By Christa Lawler, Duluth News Tribune
In Renegade Theater Company’s production of “Lone Star Spirits,” Marley has come home to her almost-ghost town to introduce her father — own of the titular liquor store — to her big city hipster fiance. She ends up stranded in the store with her ex-boyfriend, one of those aged football stars and his girlfriend, a single mom.
“Lone Star Spirits,” by Josh Tobiessen, played last year at the Jungle Theater in Minneapolis and Pioneer Press reviewer Dominic P. Papatola likened it to suds: “If ‘Lone Star Spirits’ were one of those beers, it wouldn’t be a snooty, hand-crafted, high-end microbrew served in an artisan stein. It’s more like a cold one fresh off some amiably anonymous keg: smooth, uncomplicated, easy to drink.”
Renegade Theater Company’s production of “Lone Star Spirits” is 7:30 p.m. Thursdays-Saturdays April 12-28 and 2 p.m. April 22 at Teatro Zuccone, 222 E. Superior St. Tickets: $20 at renegadetheatercompany.org.
Then ‘Into the Woods’
The University of Minnesota Duluth’s theater department considers the case of a young woman in a red hood, the mistreated stepsister who catches a prince’s eye, a childless couple, and a young man with a cow for sale.
“Into the Woods,” by Stephen Sondheim and James Lapine, is a musical with colliding fairy tale characters set deep, deep in the dark woods. This take on the Tony Award-winning musical is directed by Ann Bergeron and Andy Kust.
UMD’s recommendation: For ages 12 and older.
University of Minnesota Duluth’s production of “Into the Woods” is at 7:30 p.m. April 12-14 and April 18-21, 2 p.m. April 15 at the Marshall Performing Arts Center’s Mainstage Theatre. Tickets: $21 adults, $16 seniors and UMD faculty/staff/veterans, $10 students, $8 UMD students at tickets.umn.edu or by calling (218) 726-8561.
Into the trenches
“Journey’s End” is a story from the trenches of World War I, where British officers are awaiting attack. In the meantime, they’ve been ordered to capture a German soldier and gain intelligence about it. The College of St. Scholastica’s production, directed by Kelly Mullen of the Communication, Theatre and Art department, opens Friday.
The play, by R.C. Sheriff, is billed as being about the claustrophobia, anxiety, physical, emotional and spiritual toll of war.
The College of St. Scholastica’s production of “Journey’s End” is at 7:30 p.m. Thursday-Saturday, 2 p.m. Sundays through April 22 at the St. Scholastica Theatre at CSS. Tickets: $15 adults, $10 students and seniors at the Spotlight box office or (218) 723-7000.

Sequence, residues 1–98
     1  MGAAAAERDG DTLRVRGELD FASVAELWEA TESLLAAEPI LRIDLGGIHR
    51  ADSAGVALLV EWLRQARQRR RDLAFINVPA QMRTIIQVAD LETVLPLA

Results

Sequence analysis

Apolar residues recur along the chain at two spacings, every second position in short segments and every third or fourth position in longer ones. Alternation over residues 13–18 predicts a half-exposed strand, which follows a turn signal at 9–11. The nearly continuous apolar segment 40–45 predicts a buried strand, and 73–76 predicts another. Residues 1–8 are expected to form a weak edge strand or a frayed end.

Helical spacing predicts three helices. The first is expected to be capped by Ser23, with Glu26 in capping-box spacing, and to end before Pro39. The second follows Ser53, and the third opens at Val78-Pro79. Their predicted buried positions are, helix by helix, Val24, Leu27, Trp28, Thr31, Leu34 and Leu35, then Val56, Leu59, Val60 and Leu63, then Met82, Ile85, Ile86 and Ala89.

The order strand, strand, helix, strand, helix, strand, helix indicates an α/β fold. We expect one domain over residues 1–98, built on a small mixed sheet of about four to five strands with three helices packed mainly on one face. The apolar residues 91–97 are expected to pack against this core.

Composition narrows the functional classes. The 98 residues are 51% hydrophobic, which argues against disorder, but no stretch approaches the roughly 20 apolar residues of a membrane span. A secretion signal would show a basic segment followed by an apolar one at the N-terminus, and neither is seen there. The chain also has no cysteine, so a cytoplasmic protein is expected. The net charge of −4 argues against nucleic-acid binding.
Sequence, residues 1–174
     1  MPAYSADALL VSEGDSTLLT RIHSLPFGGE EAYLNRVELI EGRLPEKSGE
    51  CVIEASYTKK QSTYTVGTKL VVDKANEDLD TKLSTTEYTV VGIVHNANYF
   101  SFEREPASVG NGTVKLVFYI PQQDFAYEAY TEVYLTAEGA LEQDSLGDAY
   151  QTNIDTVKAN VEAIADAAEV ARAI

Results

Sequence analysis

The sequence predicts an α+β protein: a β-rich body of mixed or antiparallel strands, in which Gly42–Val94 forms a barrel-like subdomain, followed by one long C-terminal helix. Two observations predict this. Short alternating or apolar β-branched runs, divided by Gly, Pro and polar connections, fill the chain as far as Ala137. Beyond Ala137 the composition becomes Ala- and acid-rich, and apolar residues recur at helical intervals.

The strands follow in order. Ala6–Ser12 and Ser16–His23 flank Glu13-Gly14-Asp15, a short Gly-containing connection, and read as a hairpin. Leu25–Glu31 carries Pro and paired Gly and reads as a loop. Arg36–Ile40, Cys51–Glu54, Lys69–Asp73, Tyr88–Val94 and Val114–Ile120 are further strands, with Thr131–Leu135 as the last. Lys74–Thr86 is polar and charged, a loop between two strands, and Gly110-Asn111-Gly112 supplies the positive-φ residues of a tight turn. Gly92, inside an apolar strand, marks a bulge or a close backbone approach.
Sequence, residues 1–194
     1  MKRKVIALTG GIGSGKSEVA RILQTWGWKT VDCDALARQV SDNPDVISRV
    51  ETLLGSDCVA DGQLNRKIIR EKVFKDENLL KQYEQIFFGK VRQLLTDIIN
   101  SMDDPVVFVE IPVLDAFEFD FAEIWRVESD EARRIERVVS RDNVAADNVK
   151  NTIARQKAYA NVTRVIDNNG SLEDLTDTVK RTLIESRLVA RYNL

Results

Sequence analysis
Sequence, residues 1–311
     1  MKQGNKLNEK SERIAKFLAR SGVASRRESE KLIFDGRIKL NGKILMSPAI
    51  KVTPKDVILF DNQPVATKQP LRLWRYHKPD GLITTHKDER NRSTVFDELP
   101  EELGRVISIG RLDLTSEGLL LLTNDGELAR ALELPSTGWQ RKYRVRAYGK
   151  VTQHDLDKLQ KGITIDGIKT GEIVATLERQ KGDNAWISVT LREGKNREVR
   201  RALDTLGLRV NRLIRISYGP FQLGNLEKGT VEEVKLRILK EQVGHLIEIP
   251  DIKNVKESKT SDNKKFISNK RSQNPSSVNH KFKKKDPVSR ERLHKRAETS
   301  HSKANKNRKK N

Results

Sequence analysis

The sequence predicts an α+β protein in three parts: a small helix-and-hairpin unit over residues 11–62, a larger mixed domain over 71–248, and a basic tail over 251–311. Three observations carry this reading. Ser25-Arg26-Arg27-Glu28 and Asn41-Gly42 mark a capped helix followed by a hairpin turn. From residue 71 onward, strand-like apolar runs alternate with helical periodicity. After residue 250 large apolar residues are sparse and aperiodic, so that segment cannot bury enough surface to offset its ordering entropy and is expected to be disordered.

Flashback to September
The 16th annual One Week Live compilation has The Latelys’ bluesy growls, the smooth lounge vibes of Tender Ness, and rock ‘n’ rollers The True Malarkey.
The mix was made from pieces of shows by musicians who played Beaner’s Central in September 2017 — including Daniel Champagne, a singer-songwriter, percussionist from Australia. This weekend’s two-day CD release will include sets by some of the featured artists.
One Week Live Vol. 16 CD Release is 6 p.m. April 13, 11 a.m. and 6 p.m. April 14 at Beaner’s Central, 324 N. Central Ave.
$7 plus free CD
6 p.m.: Nude Colors, The Latelys, Blake Thomas, Jacob Mahon
11 a.m.: Gavin St. Clair, Lesser Planets (free)
6 p.m.: Woodblind, Jen West, Dan Dresser, Average Mammals, $7 plus free CD
MercyMe, which has begun making regular stops here, returns for a concert following the release of a movie based on its hit song.
The MercyMe and Tenth Avenue North tour plays at 7 p.m. Saturday at the DECC Arena. The movie, “I Can Only Imagine,” was released in mid-March and stars Dennis Quaid. Lead singer Bart Millard has also released a memoir with the same name.
The bands are both contempo Christian bands. MercyMe has headlined City On the Hill, a local two-day music festival.
Mercy Me and Tenth Avenue North play at 7 p.m. April 14 at the DECC Arena. Tickets: Start at $27, available at Ticketmaster outlets including ticketmaster.com and the DECC box office.
“Killers Liars Flowers” is an exhibition of new paintings by Adeline Wright and focuses on hair: the styles favored by televangelists, mass shooters, serial killers. There are also pieces that consider poisonous flowers.
According to a news release: “Through portraiture and still life paintings, (Wright) grapples with the reality of hatred, bigotry, televangelism, fascism and deadly blossoms.”
Music by Rick McLean.
“Killers Liars and Flowers” by Adeline Wright opens at 7 p.m. April 14 at Blush, 18 No. First Ave. W.